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Author's profile photo Former Member

Off the Cow Path

This is the beginning of a lot of things.  It’s the beginning of our implementation of  SAP.  It’s the beginning of a mind  expanding (not crushing, I hope) technical adventure.  And, it’s the beginning of the “Off the Cow  Paths” blog.  Hang in there with me.  You’ll get it in just a bit.

The public agency I work for chose SAP after an exhaustive  eighteen-month RFP process.  This effort  was named “The Agency Wide Systems Management (AWSM) Project.”  We pronounce that “awesome”.

Those of us on the AWSM team received our SAP01 Overview  training a few weeks ago. I sat towards the back of the room and noticed that people’s  heads we’re shaking.  Some up and down  and some side to side.  The message this  kinetic exhibition was trying to communicate was either, “Yep, that’s the way  we do it”, or “Nope, you’ll never catch us doing stuff like that.” 

Switch to 5000  feet above Boston.  Note the twisty,  seemingly organic layout of the streets, coming together at strange and  inconsistent angles, taking meandering curves here and there.  Talk to Bostonians and they tell you that the  street design – or lack thereof – resulted from streets following the well worn  paths developed from it’s agrarian past.   You know, “Moooo”.  Boston, sophisticated and  charming as it is, will never have an efficient transportation system because  the street layout is based on cow paths.

Those heads shaking vertically or horizontally were doing so  because they felt comfortable when the instructor seemed to validate their  particular well worn path.

Now look  at Chicago.  It’s encounter with cows  and urban planning was somewhat more drastic, but, after the fire was put out,  the results were splendid.  Almost all  the streets run north and south.  The  blocks are consistent in length throughout the city. You can go anywhere on a  bus and not get lost.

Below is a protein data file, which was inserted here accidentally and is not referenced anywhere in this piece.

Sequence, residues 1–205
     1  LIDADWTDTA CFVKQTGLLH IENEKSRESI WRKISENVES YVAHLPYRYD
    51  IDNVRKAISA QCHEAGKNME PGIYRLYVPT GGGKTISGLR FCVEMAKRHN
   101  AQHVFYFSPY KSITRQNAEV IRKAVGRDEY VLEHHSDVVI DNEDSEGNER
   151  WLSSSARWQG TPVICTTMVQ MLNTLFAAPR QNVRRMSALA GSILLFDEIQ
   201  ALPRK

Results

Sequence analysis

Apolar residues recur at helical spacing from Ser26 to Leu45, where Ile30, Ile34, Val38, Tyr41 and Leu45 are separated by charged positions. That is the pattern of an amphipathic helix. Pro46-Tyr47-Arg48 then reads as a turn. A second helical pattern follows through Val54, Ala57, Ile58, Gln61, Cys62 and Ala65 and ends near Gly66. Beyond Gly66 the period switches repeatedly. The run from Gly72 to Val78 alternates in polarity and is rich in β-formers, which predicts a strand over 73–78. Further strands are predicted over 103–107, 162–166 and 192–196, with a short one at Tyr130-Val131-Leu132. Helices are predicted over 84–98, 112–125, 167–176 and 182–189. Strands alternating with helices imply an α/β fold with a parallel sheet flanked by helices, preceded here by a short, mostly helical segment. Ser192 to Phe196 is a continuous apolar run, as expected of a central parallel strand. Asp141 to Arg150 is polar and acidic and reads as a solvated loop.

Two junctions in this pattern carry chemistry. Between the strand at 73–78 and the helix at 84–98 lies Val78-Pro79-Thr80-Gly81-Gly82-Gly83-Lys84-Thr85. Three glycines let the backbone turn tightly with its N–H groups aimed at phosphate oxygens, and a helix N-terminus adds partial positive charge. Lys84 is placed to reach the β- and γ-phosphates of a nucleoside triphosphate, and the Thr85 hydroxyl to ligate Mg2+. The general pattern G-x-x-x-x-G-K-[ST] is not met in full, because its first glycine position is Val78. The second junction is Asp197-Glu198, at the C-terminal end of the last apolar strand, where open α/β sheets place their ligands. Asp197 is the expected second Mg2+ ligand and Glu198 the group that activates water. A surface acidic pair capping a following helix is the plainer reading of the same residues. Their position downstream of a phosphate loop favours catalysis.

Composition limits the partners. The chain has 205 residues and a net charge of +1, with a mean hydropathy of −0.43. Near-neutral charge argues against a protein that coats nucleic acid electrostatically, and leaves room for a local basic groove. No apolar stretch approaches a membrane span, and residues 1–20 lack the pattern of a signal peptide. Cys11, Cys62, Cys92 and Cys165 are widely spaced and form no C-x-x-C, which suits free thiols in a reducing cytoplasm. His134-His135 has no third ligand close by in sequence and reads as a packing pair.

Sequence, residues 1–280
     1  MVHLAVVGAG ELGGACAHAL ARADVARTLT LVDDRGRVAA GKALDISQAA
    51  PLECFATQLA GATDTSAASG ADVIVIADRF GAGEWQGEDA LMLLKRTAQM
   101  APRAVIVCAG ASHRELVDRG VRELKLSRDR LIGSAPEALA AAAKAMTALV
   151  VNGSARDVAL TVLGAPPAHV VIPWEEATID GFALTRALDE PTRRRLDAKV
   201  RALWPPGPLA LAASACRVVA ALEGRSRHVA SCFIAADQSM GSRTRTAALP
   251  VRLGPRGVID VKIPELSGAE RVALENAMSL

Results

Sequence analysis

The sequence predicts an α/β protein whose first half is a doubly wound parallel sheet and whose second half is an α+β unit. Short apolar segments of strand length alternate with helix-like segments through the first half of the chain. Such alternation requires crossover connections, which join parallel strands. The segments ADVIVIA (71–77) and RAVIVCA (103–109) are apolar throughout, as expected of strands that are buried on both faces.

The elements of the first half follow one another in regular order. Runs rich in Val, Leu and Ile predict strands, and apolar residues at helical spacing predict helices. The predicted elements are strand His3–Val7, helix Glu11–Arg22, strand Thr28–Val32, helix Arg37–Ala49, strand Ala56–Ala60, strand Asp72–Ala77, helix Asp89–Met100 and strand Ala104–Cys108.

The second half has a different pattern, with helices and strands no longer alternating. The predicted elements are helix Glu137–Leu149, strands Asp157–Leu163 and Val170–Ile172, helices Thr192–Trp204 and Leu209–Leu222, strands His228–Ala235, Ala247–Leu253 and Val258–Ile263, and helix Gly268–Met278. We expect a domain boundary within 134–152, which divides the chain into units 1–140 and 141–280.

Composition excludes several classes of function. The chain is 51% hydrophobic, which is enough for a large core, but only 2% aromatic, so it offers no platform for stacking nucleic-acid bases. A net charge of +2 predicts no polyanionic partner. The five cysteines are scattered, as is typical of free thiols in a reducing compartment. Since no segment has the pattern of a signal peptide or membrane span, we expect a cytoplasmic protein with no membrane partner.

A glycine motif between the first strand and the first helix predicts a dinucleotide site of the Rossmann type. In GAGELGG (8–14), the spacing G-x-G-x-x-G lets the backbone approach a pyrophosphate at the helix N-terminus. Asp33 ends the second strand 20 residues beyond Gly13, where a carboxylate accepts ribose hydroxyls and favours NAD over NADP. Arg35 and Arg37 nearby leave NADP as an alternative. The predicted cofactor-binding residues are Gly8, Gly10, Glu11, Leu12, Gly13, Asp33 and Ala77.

In designing our new systems with SAP, we must resist the  comfortable call of the cow path.  We  certainly could use the tools included in SAP to recreate our legacy  system.  What a tragedy it would be to do  so.  Instead we must question everything.  No matter how convinced we are that they way  we do it is “absolute truth”, we should consider the alternatives.  It’s not often in the history of an  organization that you have the opportunity to change everything. 

The purpose of this blog will be to share the AWSM off-the-cow-path  experiences and to encourage others to do the same.  The great advantage of being a beginner is  that you don’t know that what you “can’t possible do!”

What have you done in your project that has broken new  ground?  If you haven’t had the  experience yet, then, go ahead, kick over the lantern and feel the warmth of  the cleansing flames.  I’ll be looking  forward to hearing from you.

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      Author's profile photo Marilyn Pratt
      Marilyn Pratt
      Hi Leo,
      Your writing style is....engulfing?  consuming?...on fire?
      Thanks for this enjoyable piece of writing and hope that some of the veterans here will take the time to share war stories...
      You certainly have a fun way of soliciting them.
      Author's profile photo Former Member
      Former Member
      Thank you, Marilyn.  I see you can ignite even more puns per sentence than I can. 🙂
      Author's profile photo Former Member
      Former Member

      Thanks for letting the class know about your blog! 

      We at Haworth are also embarking on this new SAP adventure. 

      I will do my best to keep in touch so that everyong can benefit from our collective "new set of eyes".

      John Klaaassen
      Haworth, Inc.

      Author's profile photo Former Member
      Former Member
      Chuck, we have a very large heard and any sudden movements will lead them to stampede : )